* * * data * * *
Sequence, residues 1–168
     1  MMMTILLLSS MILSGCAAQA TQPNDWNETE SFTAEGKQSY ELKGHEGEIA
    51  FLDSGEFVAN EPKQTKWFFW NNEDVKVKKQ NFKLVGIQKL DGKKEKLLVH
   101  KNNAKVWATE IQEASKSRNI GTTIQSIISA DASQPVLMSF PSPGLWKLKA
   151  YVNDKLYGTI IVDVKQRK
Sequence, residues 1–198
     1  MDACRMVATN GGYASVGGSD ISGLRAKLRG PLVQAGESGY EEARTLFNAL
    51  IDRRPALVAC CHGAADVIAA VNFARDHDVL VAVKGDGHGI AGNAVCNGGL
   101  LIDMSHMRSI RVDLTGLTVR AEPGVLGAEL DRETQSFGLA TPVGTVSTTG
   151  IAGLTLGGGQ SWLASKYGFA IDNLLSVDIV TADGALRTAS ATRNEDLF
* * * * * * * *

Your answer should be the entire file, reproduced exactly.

Sequence, residues 1–168
     1  MMMTILLLSS MILSGCAAQA TQPNDWNETE SFTAEGKQSY ELKGHEGEIA
    51  FLDSGEFVAN EPKQTKWFFW NNEDVKVKKQ NFKLVGIQKL DGKKEKLLVH
   101  KNNAKVWATE IQEASKSRNI GTTIQSIISA DASQPVLMSF PSPGLWKLKA
   151  YVNDKLYGTI IVDVKQRK
Sequence, residues 1–198
     1  MDACRMVATN GGYASVGGSD ISGLRAKLRG PLVQAGESGY EEARTLFNAL
    51  IDRRPALVAC CHGAADVIAA VNFARDHDVL VAVKGDGHGI AGNAVCNGGL
   101  LIDMSHMRSI RVDLTGLTVR AEPGVLGAEL DRETQSFGLA TPVGTVSTTG
   151  IAGLTLGGGQ SWLASKYGFA IDNLLSVDIV TADGALRTAS ATRNEDLF